Josh Flagner (@railbirdj)--MoreThanAFan.net

I've had this conversation two dozen times in the last day. I've detailed play calls, substitution patterns, and individual match-ups. I've argued about offensive sets and off the ball movement. But this series doesn't rest on perfect execution or quantifiable data sets. More than perhaps any Finals I can remember, the 2015 NBA Finals will hinge on hard work and determination. 

Golden State led at the end of the third quarter and OT in game one, and did not lead at the end of any quarter in game two. In a building where they are DOMINANT. The Cavs took and absorbed run after run, and brought home court advantage back from the hardest place to play in the NBA. 

#CavsIn6


Brian Heise (@WahoosBrian)

I can't help but feel encouraged based on the way the first two games of the series have gone. The Cavs are playing like a cohesive unit and have taken their intensity to a whole new level. Even the intensity level from game one to game two seemed to be cranked up a notch. Everything the Cavs did in game two seemed to have a greater sense of purpose. Out of everything we have watched, two elements of the Cavs recent performance stand out to me.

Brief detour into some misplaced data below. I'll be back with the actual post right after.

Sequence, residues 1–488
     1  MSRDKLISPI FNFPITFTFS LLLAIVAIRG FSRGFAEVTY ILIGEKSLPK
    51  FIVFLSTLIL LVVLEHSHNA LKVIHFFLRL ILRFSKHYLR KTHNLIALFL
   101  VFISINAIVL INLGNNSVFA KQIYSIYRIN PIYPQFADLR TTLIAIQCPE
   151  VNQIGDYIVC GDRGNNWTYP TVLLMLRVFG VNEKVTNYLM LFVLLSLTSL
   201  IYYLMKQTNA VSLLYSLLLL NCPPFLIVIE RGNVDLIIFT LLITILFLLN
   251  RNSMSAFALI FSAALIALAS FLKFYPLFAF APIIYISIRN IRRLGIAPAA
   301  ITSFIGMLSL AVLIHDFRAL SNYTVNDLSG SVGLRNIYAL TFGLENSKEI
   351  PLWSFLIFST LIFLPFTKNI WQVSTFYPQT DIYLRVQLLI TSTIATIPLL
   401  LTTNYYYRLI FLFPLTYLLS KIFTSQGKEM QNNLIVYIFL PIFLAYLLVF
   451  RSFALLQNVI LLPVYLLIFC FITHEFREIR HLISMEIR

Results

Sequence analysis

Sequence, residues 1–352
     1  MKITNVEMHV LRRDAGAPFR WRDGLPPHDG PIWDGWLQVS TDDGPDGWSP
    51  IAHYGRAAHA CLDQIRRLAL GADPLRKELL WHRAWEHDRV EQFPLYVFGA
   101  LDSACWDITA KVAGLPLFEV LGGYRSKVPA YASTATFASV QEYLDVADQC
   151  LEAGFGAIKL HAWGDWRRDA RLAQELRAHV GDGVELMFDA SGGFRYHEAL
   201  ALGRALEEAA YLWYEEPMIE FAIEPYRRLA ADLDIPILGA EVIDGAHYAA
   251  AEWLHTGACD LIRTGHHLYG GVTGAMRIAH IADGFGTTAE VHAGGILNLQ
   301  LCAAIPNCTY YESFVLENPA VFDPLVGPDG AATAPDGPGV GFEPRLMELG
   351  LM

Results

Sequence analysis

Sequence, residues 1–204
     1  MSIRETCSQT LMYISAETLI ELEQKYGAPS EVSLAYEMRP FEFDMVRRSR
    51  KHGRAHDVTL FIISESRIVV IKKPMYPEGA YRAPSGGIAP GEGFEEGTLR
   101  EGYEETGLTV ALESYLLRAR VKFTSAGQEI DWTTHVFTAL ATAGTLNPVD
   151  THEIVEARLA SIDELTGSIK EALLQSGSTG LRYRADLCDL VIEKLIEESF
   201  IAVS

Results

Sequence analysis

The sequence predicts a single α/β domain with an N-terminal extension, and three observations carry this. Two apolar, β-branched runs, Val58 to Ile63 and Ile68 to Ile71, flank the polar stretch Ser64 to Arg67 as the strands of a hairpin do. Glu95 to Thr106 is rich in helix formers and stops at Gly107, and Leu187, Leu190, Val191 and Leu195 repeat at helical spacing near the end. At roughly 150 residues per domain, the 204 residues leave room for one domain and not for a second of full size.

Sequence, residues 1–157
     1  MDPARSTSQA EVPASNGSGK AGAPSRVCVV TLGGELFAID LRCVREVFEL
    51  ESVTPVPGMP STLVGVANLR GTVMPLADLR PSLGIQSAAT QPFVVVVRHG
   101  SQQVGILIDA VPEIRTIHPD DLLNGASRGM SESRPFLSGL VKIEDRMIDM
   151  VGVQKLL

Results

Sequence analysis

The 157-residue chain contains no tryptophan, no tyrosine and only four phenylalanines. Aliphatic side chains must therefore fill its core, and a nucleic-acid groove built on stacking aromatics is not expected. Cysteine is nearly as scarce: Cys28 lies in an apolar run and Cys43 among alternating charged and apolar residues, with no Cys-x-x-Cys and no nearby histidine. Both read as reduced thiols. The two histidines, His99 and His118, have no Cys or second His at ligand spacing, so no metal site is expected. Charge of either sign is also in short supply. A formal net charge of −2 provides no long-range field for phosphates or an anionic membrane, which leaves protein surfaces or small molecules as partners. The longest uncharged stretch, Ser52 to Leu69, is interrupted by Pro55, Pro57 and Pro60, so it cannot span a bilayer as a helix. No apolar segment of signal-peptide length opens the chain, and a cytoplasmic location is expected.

The first is their defense. This is a team that understand it is operating short handed on the offensive end of the court. They aren't going to out score the Warriors in a shootout. They need to slow the pace and play swarming, lock down defense. They're doing all of that and more. If they can keep up the intensity on the defensive end, there is no reason to think game three won't be as intense as the first two. Add in the adrenaline rush of the home crowd and game three feels like an opportunity for the Cavs to put the Warriors in a sleeper hold.